JJRC H66 "X-Mas Egg" Quadcopter Mini Review - RC Groups
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Dec 07, 2017, 01:37 PM
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JJRC H66 "X-Mas Egg" Quadcopter Mini Review


As I’d mentioned at the start of my last mini-review here on the RCGroups.com blogs, the joy of the Christmas season brings out some rather fun, but seasonal, items. That marketing angle is making its way into the hobby market.

Here for your consideration is just such an item, one which also qualifies as one of the strangest flying models I’ve ever reviewed. It’s the JJRC H66 X-Mas Egg quadcopter from GearBest.com, complete with a 720p camera which connects via Wi-Fi to a smartphone. The app also allows control of the model via Wi-Fi.

It’s easy to imagine such a bauble with a fun, secular Easter theme. But Christmas? Eggs?

That got me to thinking how eggs and Christmas are somehow related – and then it hit me.

Eggnog! If ever there were a holiday treat which should be available year-round, eggnog is above and beyond my first choice. I’m kind of kicking myself for not remembering that sooner. Now that I have, let’s crack this open.

Specifications:

• Dimensions (L x W x H): 105 x 105 x 80mm
• Construction: Injection molded plastic body, landing legs and radials; plastic propellers; steel radial springs
• Motors: 7mm coreless
• Battery: Built in 300mAh 3.7V lithium polymer
• Transmitter: 2.4GHz four-channel with various flight modes
• Claimed Range: 30 – 50m
• Claimed Flight Time: Six minutes after 45-minute charging period
• Camera: 0.9 megapixel/720p resolution via Wi-Fi
• Operator Skill Level/Age: Beginner; 14+
• Price (USD): $29.99 with free shipping to the USA via unregistered airmail
• Available From: GearBest.com

Contents:

The H66 is a complete package with the following:

• Assembled model
• Wand-styled transmitter
• USB charging cable
• Spare propellers
• Propeller removal tool
• Illustrated instruction booklet
• Pamphlet with QR codes for a JJRC augmented reality game

Needed to get started:

• Computer with USB socket or USB wall adapter
• Two AAA-cell alkaline transmitter batteries

JJRC seems to have gone to some lengths to coordinate the packaging between the H66 and the H67 “Flying Santa” quadcopter. The H66 is a compact little machine, roughly the size and shape of a jumbo chicken egg.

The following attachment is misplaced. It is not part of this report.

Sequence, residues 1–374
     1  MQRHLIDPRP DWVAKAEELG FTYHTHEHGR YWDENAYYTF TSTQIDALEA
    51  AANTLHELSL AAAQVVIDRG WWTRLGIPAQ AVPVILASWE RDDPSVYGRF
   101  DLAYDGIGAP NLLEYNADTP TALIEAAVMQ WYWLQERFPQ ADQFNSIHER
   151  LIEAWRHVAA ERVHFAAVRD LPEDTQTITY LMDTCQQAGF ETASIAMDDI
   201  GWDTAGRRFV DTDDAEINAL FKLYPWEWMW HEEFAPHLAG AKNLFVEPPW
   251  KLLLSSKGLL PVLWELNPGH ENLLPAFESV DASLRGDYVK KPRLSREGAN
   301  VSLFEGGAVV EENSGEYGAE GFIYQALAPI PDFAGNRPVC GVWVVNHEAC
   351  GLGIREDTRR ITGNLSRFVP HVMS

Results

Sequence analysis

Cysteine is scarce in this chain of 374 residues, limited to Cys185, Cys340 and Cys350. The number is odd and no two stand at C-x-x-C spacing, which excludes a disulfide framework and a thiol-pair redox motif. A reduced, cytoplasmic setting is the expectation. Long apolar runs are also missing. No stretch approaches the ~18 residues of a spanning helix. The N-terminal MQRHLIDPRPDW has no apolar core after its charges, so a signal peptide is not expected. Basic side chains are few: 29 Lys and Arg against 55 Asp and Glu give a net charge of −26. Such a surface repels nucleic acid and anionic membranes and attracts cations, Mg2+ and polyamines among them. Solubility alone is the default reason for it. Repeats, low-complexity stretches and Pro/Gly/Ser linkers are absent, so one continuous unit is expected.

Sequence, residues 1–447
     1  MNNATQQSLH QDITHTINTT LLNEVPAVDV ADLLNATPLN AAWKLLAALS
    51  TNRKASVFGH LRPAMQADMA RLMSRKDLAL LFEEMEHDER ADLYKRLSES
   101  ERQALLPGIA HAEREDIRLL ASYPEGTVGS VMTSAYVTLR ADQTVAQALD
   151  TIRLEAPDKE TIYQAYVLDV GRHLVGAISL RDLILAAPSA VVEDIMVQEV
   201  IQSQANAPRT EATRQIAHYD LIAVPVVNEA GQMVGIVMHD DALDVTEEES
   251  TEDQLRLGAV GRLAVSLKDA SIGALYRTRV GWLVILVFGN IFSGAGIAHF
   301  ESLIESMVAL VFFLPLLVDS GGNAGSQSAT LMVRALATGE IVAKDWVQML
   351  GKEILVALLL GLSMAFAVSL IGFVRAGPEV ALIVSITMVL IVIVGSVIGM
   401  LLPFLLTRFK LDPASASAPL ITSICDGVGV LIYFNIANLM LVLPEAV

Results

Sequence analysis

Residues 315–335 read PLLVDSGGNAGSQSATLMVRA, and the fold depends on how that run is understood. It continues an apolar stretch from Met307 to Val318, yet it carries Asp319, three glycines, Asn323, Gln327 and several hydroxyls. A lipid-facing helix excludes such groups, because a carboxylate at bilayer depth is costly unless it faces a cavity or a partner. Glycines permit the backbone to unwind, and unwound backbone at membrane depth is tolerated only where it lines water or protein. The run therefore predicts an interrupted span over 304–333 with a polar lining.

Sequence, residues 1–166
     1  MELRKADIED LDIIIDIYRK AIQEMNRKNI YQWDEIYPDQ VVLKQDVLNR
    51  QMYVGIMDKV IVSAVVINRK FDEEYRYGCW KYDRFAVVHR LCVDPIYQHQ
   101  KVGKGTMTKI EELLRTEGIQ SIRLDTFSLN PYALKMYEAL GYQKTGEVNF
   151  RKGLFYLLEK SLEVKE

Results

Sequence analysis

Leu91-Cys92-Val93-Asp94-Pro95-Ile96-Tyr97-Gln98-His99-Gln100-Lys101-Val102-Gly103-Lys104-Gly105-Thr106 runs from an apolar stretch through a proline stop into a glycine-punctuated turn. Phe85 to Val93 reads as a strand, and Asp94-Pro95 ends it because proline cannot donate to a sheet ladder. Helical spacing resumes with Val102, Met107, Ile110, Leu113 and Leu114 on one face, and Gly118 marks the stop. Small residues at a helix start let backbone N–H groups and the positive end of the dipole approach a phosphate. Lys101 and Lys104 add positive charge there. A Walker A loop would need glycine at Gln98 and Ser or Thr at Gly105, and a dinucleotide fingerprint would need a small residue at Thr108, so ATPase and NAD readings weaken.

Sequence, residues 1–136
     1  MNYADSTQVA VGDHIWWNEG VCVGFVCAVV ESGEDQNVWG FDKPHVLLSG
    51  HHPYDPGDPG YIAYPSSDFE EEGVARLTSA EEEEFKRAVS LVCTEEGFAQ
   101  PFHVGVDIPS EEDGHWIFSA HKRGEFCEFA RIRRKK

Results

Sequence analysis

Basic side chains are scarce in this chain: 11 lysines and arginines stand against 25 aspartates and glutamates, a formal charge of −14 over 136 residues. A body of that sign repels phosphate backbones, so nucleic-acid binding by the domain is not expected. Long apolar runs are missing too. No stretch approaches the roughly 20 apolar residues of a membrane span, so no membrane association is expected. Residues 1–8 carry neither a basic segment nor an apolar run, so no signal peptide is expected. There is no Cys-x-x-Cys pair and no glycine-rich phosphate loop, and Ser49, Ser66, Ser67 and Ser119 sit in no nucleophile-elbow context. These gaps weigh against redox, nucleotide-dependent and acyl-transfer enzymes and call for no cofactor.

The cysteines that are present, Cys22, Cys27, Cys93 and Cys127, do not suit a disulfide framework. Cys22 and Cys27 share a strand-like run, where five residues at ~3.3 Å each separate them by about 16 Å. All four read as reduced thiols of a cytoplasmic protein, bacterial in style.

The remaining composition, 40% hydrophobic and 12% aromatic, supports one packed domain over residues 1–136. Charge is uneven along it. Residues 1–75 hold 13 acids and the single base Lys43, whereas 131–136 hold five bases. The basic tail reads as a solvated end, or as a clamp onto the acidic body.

Or, if one prefers, a key ingredient of eggnog.

It’s available in red with green radials and landing legs or green with red radials and legs; mine came as the former. The front is marked by a stylized “Merry Xmas” and the white silhouette of what’s clearly supposed to represent Rudolph the Red-Nosed Reindeer. Snowflakes both front and rear with vines (vines?) on the radials round out the graphics. The silhouette resembles a stag more than a reindeer, but the reference is clear enough. The red comes from the H66’s body – but buyers of the green version will have to contend with a green-nosed reindeer. This, quite naturally adds to the overall weirdness of this quad.

Getting Started:

The 300mAh 3.7V flight battery is built in and charges in about 30 minutes or so with its USB charger. The red light in the charger glows (like Rudolph’s famous nose) and goes out when charging is complete. Close examination shows that the very top of the egg can be popped off with a small, slotted screwdriver to access the battery, flight control board and motor connectors. Total disassembly will require a very tiny jeweler’s screwdriver to further separate the body.

No tools are required to open the transmitter to insert the batteries. The one tool which is provided is a very useful propeller removal tool. This is a terrific way to remove a damaged prop without undue strain on the motor.

Flying:

Firing up the H66 begins with first opening the radials with a press of a spring-loaded button underneath. It’s then placed on a level surface and powered it up by pressing and holding the power button on top.